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Wednesday, September 27, 2000

Have I mentioned that I don't do gardening well? Enough so that you believe it? Then you're not going to believe this.

I spent an hour this afternoon pulling weeds.


Over the past few weeks, when I've been standing outside with a hose in my hand, I have of course noticed that some of the plants I watered were not particularly attractive. I went so far as to call them "weeds," although in most cases I dislike name-calling. I don't think mean-spirited finger-pointing adds anything constructive to the discussion.

For all I know, weeds are nothing more than aesthetically-challenged flowers. I only knew that I was thoroughly unqualified to make any value judgments that might lead to floricide.

Then I got out the dictionary. First of all, to my relief, there's apparently no such word as "floricide." And a weed is "any uncultivated or undesirable plant."

What a lovely, conveniently ambiguous definition. It was empowering. Basically, anything I didn't want to look at could be eliminated. License to kill.

Of course, I did nothing about it all these weeks, until today. It wasn't planned, but the weather was perfect, neither too hot nor too cold. Before I could change my mind I found my gloves, clippers and trowel. All were in their original packaging, purchased when I moved to Green Acres but never used there.

I started in the area just outside my back door, near the porch where I like to sit and write. But I had no plan, nor any desire to overwork myself. I pulled up the most obvious offenders first, then wandered off in different directions, wherever something happened to catch my eye.

It all came together when I found the shovel, left behind by the previous tenant here at the Fortress. Oh, what a marvel of basic engineering is that tool. Once I started digging and chopping with it, I got so much more done than I anticipated. I can't say that everything I tossed into the yard waste barrel was a weed in the classic sense, but in my yard I decide what is a weed.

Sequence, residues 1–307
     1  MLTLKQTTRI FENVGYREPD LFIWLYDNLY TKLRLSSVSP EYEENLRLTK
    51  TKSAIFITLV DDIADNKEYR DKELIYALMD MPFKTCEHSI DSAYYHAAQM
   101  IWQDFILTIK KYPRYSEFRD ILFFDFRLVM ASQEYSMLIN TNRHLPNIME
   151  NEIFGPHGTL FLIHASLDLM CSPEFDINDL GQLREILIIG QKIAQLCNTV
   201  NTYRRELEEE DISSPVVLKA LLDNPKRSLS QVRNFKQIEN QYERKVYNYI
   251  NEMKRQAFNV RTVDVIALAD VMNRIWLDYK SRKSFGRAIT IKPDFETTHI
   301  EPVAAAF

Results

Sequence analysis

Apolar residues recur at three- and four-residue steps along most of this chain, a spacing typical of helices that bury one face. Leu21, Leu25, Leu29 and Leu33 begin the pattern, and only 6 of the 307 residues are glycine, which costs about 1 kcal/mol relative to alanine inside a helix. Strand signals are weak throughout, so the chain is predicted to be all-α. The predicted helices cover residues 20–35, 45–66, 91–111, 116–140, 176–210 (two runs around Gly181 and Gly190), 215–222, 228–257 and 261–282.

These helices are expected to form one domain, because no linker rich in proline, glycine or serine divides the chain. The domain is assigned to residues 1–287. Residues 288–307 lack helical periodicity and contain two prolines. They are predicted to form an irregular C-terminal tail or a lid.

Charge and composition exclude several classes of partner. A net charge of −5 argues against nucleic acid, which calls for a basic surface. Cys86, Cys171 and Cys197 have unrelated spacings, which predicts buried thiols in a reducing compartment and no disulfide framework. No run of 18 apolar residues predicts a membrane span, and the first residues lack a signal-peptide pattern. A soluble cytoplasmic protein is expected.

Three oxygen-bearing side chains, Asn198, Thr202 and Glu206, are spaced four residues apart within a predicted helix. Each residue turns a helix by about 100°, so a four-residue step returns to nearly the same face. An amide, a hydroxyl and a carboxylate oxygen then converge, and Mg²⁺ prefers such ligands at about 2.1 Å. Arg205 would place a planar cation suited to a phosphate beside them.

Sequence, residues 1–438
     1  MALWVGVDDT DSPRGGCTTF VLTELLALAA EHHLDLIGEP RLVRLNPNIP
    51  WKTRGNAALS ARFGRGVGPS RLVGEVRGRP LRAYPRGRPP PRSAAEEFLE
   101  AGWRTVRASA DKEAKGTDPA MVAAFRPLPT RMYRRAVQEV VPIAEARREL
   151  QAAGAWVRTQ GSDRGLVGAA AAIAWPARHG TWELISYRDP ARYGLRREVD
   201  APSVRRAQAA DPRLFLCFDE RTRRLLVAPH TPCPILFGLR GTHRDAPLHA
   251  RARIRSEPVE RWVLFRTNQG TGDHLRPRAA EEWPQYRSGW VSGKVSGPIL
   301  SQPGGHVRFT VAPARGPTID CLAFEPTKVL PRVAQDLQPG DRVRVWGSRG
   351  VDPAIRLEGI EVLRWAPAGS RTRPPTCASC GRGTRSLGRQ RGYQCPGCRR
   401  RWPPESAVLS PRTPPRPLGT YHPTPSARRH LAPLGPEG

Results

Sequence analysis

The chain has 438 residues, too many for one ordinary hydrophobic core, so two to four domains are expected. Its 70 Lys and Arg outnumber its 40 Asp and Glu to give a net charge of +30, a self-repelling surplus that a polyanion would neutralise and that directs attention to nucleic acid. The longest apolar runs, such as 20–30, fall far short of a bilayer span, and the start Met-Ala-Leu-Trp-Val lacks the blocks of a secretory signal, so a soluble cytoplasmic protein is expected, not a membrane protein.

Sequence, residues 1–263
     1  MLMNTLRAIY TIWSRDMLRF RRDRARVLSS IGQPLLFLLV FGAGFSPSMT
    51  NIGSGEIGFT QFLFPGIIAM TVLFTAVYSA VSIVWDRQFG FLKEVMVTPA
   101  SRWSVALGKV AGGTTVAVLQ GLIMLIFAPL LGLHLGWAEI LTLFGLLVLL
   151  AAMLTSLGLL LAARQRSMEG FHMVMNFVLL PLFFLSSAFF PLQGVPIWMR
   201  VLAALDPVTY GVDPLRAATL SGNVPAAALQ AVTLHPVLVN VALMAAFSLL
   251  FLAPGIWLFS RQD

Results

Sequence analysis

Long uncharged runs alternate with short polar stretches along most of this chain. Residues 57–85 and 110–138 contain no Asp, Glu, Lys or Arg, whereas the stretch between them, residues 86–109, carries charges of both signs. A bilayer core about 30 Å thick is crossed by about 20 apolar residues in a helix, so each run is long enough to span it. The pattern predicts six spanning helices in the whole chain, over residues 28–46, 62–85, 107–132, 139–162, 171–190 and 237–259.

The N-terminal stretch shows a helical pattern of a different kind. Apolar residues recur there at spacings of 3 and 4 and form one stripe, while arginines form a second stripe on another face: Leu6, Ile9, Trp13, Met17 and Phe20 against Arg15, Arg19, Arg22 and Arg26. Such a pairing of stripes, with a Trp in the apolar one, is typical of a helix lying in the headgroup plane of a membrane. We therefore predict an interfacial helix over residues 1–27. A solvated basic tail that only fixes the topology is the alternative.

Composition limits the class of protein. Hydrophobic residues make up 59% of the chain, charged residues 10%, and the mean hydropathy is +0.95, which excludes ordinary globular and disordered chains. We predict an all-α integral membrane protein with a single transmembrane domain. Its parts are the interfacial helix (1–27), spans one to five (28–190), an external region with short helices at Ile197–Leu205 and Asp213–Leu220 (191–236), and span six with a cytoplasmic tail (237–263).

You would have laughed to watch me "work," which is precisely the reason I never did much gardening at any other place I've lived. The difference here is that no one can see me! No prying neighbors, no one driving by on the street. I could putter at my own plodding pace, mutter to myself, and wander around with that lost look whenever I misplaced a tool.

Once I'd filled the barrel, I was satisfied and ready to quit. No one but me could tell anything had been done, but that's okay. I'm the one who looks at it every day, and I can affirm that it looks better.

Tomorrow night I'll haul the barrel out to the curb. I got a notice from the garbage company that they will soon be providing us with new cans for both trash and yard waste. I will be pleased to fill the latter weekly with whatever I decide is a "weed."

After this exercise, I washed all the scratchy debris off my arms and pulled a chair out onto the porch, where I could survey my estate. Not too closely, though. It's still mostly weeds.

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